We had decided to take a week off from our weekday jobs this week. As the weather was forecast to be good we thought it would be a great opportunity to check out some of the upcoming walks and enjoy our holiday to boot.
We arrived at Thrunton Wood car park early, to make sure that we got to the lunch spot on time. There were a few other people in the car park, that we chatted with. We didn’t see them after that, illustrating how many different routes and paths that there are in Thrunton Wood.
Setting off we headed North and down a small path to the track along the North edge of the wood. We followed this path and commented on the view along this path. Conifers cover the steep hillsides here, giving it the look of a Canadian forest.
From here, we descended towards the outer edge at the North West of the wood. There are views of the hills around the Ingram Valley, across the farm land. There is a short climb up towards the lunch stop, through the gate into Castle Hill.
Castle Hill is very different to the rest of the Wood. It is covered in ancient woodland and is more open. The path upwards is surrounded by bilberry bushes. They were very tasty. The tangled branches on top of the hill, that extend across the ground, give it a very different feel. They also double as a place to sit for lunch.
After lunch, we descended off Castle Hill and rejoined the track through the Wood. This leads further into the Wood and eventually up hill towards Thrunton Crag. Heading towards Callaly, the views are spectacular.
The last leg includes a track along the South side of Thrunton Crag. From here you can see Coe Crags and Long Crag, out at the extents of the Wood. At this point, we had a welcome rain shower, cooling and freshening the air. We descended back through the trees to the car park, to end the walk.
A trip down to Thrunton Long Crag Trout Fishery for tea and we were done. They don’t do cake but we were told that we can bring our own. Looks like fishermen don’t like cake. Odd!
I had planned a walk around Malham that was supposed to be 8.5 miles. The weather was good but maybe a little exposed for a long walk in the sun, so the length would be about right, surely.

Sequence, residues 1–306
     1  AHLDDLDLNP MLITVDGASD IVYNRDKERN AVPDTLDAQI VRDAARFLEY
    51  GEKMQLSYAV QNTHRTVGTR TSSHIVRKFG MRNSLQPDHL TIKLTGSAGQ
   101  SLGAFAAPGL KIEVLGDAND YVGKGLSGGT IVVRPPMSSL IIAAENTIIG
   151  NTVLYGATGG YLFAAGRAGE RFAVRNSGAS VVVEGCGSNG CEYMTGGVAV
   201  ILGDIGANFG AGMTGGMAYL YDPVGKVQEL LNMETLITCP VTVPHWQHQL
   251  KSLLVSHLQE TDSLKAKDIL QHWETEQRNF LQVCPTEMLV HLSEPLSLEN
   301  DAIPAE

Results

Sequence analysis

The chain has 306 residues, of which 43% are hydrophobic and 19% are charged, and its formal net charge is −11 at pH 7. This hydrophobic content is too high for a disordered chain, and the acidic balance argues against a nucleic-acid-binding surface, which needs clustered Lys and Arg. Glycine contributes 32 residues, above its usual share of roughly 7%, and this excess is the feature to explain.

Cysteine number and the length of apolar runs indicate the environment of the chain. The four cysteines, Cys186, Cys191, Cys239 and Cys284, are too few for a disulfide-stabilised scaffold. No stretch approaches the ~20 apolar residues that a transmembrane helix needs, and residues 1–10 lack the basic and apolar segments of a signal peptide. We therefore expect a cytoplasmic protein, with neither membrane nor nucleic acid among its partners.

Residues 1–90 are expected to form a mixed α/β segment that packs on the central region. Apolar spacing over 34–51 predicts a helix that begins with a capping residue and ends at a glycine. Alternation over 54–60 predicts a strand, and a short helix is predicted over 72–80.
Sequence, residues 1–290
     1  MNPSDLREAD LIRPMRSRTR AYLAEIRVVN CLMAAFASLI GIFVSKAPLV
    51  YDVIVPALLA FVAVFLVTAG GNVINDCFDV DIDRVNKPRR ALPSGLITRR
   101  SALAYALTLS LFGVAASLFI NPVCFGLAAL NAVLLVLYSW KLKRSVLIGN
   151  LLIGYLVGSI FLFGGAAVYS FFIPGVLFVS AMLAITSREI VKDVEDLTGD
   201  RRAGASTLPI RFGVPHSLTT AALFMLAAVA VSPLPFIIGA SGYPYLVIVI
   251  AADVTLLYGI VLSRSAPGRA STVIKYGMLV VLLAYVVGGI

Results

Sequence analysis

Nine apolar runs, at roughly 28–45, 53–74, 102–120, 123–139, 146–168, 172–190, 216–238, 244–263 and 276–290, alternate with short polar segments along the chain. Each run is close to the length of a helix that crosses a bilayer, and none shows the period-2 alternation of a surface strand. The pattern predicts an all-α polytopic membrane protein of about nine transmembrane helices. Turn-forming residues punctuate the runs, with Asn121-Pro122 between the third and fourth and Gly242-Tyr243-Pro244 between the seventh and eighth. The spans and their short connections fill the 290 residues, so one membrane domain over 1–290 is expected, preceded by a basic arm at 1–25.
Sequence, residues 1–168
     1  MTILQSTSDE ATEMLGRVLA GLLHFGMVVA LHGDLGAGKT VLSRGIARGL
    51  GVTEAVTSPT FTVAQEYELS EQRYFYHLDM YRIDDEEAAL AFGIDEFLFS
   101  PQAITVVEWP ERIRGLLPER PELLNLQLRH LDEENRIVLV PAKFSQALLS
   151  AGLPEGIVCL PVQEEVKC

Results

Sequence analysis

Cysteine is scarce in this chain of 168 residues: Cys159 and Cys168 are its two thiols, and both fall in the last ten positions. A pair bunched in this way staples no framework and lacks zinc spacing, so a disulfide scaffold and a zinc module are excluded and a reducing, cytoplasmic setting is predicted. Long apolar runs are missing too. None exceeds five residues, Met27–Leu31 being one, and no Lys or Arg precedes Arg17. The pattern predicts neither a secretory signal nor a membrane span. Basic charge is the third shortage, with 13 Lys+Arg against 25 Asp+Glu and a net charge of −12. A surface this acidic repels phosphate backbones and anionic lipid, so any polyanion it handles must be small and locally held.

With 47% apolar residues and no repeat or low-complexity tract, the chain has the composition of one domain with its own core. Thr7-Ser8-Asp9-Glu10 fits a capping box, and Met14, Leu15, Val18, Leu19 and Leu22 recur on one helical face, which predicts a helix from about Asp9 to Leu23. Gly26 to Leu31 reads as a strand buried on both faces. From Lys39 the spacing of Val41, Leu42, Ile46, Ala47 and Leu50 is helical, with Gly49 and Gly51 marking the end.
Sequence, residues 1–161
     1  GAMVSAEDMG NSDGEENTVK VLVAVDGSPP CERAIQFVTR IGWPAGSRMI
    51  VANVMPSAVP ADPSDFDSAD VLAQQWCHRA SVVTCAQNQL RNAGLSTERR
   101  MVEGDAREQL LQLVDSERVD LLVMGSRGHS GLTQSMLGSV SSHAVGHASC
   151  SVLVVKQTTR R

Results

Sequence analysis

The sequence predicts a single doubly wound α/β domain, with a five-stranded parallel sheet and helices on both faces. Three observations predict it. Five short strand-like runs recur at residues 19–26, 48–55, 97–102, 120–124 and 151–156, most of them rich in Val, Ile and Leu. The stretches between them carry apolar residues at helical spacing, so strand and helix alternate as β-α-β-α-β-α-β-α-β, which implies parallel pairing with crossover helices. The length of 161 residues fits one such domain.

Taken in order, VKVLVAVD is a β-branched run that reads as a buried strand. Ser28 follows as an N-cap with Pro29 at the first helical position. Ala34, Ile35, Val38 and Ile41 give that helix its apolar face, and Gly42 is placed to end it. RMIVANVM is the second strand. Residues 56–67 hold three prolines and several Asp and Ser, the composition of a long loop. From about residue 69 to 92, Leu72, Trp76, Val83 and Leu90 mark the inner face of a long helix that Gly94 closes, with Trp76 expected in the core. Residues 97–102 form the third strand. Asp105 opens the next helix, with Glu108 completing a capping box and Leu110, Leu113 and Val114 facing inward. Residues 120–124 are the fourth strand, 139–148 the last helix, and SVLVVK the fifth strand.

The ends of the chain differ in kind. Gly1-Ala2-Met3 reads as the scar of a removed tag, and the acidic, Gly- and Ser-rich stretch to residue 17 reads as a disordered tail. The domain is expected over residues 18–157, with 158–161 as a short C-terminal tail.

We started off from the village and went along the Pennine Way, before joining the river path towards Janet’s Foss. This is a lovely start to the walk, flat and varied. The path enters a woodland area, close to the Foss. On reaching Janet’s Foss, our expectations were borne out. The very dry summer had resulted in the usual delicate curtain of water to a trickle. Hopefully, there’s a bit of rain before we return.
From Janet’s Foss, we went along the road a little and then up the path towards Gordale Scar. Passing the campers we went up the narrowing valley. Even this bit was dramatic. The sides of the valley were gradually getting steeper. It’s only when we turned the corner at the top of the valley that we got the full effect, with the valley walls becoming vertical and even overhanging the valley floor. There was also a welcome bit of shade here.
The waterfall at the end, rarely has any water in it but today, like Janet’s Foss, it was bone dry. There is a route up the waterfall, to the area above the Scar. However, we retreated back down the valley, to take a different route.
We took the “Dales High Way” towards Malham Cove but turned off towards Malham Tarn. After a long but mostly flat walk we reached the far end of the Tarn. Walking up to the Field Centre at Malham Tarn House, we spotted huge swathes of raspberry bushes, shaded by trees. The ripe fruit tasted fresh and sweet. Further along we found a view point with a seat. Lunchtime.
At this point, we looked at the map in front of us and decided to take a look at the boardwalk over Tarn Moss at Malham Tarn Nature Reserve. This proved to be an excellent idea, as the Moss is beautiful and very peaceful.
The flora here included Meadowsweet, Ragged Robin, Northern Marsh Orchid, Devilsbit Scabious and Marsh Cinquefoil. This alone was worth the walk.
After Tarn Moss we headed back towards Malham Cove. At the top of the Cove is a limestone pavement. The limestone here is susceptible to erosion by rain. This has resulted in the formation of blocks of limestone called “clints”, separated by fissures called “grykes”. The views from above the Cove are amazing. It’s easy to spend time here just enjoying the view.
At the bottom of the Cove, we admired the height and size of it. It appears very high from the base. Some sheep took no notice of this as they wandered along a ledge about half way up. This ledge went nowhere, so at the end they just turned around and walked back. We also heard the Peregrine Falcons that nest near the top of the Cove.
We wandered the short distance back to the village. Unfortunately, the tea shops had closed by the time we got back. So we had to put up with a beverage at the Buck Inn.
Synchronising GPSs we found that we had actually walked 11.5 miles. Three miles extra for free. Result.